Why does O'Brien insist that war stories are not moral, and why does he try to reconsrtuct what Lemon must have experienced the moment of his death?
In The Things They Carried, O'Brien gives the recipe for "How to Tell a True War Story" by saying the stomach should believe it. It must pack an emotional wallup. If it doesn't, it comes across as manufactured, invented, moralistic, political. It becomes a lie by becoming something else--an abstraction, a polemic, a sermon--not a story. A war story is a love story. It brings back loving memories. It resurrects friendly ghosts.
O'Brien's thesis for the book is:
I want you to feel what I felt. I want you to know why story-truth is truer sometimes than happening-truth (O'Brien 179).
So, O'Brien says that true war stories need to be light on facts (logos) and morality (ethos). Instead, they must be visceral and brutal and gory and full of cussing (pathos). That's the way soldiers talk. That's their style. And it's been this way since Trojan war mythology.
First of all, war is absurd. It does not operate according to ethical, moral, or religious rules. Bullets are indiscriminate. During war, a soldier or storyteller does not have time to moralize. Morality and war don't mix.
Remember woman at the reading? She wanted a moral or a lesson or some kind of redeeming meaning by the end of the story he read. She didn't understand that the story itself is the lesson. She didn't understand that it was a love story.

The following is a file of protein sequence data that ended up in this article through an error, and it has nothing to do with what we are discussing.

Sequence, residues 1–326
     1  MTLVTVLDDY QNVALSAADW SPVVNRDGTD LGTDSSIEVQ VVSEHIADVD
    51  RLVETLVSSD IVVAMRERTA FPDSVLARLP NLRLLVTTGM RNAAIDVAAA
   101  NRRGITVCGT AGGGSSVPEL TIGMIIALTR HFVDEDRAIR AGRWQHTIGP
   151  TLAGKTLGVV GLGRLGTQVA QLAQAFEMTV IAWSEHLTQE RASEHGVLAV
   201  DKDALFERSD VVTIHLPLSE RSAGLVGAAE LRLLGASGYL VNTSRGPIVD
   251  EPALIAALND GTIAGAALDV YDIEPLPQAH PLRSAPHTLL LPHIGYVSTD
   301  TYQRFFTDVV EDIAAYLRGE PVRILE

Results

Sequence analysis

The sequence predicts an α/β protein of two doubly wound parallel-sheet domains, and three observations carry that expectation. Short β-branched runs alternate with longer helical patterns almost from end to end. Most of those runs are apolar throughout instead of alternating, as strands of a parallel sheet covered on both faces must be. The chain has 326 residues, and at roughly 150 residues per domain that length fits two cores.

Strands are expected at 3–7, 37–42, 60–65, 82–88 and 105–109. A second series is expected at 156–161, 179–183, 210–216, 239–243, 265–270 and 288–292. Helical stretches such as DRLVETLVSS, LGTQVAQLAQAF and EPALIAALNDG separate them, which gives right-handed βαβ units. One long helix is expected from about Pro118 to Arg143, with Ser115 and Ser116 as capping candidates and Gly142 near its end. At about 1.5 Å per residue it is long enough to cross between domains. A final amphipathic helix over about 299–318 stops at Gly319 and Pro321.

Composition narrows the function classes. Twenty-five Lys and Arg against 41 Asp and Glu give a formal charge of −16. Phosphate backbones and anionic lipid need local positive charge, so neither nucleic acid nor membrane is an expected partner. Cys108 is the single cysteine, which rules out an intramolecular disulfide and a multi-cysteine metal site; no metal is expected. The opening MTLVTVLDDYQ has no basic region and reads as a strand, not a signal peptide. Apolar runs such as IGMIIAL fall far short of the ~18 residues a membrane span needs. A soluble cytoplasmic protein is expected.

A good story doesn't preach: it's morals are implicit, if there are any at all. To the “dumb cooze” audience reading O'Brien's novel for realistic depictions of war and conventional storytelling his thesis is a betrayal, not a paradox; O'Brien, to these readers, comes across as weak, dishonest, one so full of regret that he rejects the traditionally masculine-defined rules of engagement in both war (“kill or be killed”) and storytelling (unreliable narrator).
Lemon's death becomes a funny and beautiful thing. He reconstructs the memory by draining the focus on death from it. He drains the horror from it. If a soldier and storyteller can do that, then he can open up new perspectives that are, ironically, both beautiful and funny.
O'Brien doesn't exactly say that war stories are not moral--he says that you can tell a true war story because it does not teach a lesson, or have a point. It is why he plays throughout the book with stories, and the truth. To make a point, he sometimes takes an internal struggle, and gives it an external setting. For example, his tale of how he came to the decision to go to Vietnam may have been as simple as O'Brien sitting at his kitchen table and weighing the pros and cons. But turning it into a story of traveling to the Rainy River makes it, in some way, more true than what may "really" have happened. With Lemon's death, he is again telling what it must have been "really" like. Is it the "truth"? What do you think?